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Marcellus Region production growth

Hydrocarbon Engineering,

According to the US Energy Information Administration (EIA), natural gas production in the Marcellus Region was in excess of 15 billion ft3 through July.

The Marcellus region is the largest producing shale gas basin in the US, and accounts for approximately 40% of US shale gas production. The EIA explains that production in the region has increased dramatically over the past four years, increasing from 2 billion ft3/d in 2010 to its current level.

There have been approximately 100 rigs in the Marcellus region for that last 10 months. However, given the continued improvement in drilling productivity, EIA expects natural gas production to continue to grow. With 100 rigs in operation and with each rig supporting more than 6 million ft3/d in new well production each month, new Marcellus Region wells coming online in August are expected to deliver over 600 million ft3/d of additional production. According to the EIA, this production from new wells is more than enough to offset the anticipated drop in production that results from existing well decline rates, increasing the production rate by 247 million ft3/d.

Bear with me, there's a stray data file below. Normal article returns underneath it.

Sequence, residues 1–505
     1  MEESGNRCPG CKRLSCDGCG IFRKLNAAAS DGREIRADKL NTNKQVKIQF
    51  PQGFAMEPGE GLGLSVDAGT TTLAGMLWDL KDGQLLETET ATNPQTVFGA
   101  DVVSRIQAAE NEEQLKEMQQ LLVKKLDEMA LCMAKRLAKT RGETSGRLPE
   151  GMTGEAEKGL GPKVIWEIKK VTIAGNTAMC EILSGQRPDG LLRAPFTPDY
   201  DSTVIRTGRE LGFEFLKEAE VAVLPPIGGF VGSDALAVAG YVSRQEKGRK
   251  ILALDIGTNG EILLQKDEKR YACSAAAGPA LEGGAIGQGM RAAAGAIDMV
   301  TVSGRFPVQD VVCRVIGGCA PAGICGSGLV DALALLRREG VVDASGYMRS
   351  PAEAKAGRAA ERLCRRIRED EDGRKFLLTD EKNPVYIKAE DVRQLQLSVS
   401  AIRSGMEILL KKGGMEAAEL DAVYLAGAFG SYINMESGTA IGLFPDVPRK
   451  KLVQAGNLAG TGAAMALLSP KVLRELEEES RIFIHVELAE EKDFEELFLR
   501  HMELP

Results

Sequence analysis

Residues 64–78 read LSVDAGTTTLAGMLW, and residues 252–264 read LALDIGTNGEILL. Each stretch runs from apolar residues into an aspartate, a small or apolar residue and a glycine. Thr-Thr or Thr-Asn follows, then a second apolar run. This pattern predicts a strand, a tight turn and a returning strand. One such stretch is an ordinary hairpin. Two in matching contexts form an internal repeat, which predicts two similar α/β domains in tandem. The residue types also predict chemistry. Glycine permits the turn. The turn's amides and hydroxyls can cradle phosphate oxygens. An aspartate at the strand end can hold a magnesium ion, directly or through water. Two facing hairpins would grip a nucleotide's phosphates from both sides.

Rising production in the Marcellus Region has outpaced growth in the region’s pipeline capacity, which has resulted in multiple pipeline expansion projects focused on removing bottlenecks. EIA highlights that as pipeline capacity is increased, markets in the Northeast gain greater access to Marcellus Region gas, which can result in stabilized or decreased prices.

Natural gas prices in the Northeast, such as the Dominion South trading point in southwestern Pennsylvania, have increasingly been below the Henry Hub price, in part because of increased access to Marcellus gas. According to the EIA, production in the Marcellus Region surpassed winter demand for natural gas in Pennsylvania and West Virginia several years ago and is now on track to be enough to equal the demand in those states plus New York, New Jersey, Delaware, Maryland and Virginia combined.

Adapted from a press release by Emma McAleavey.

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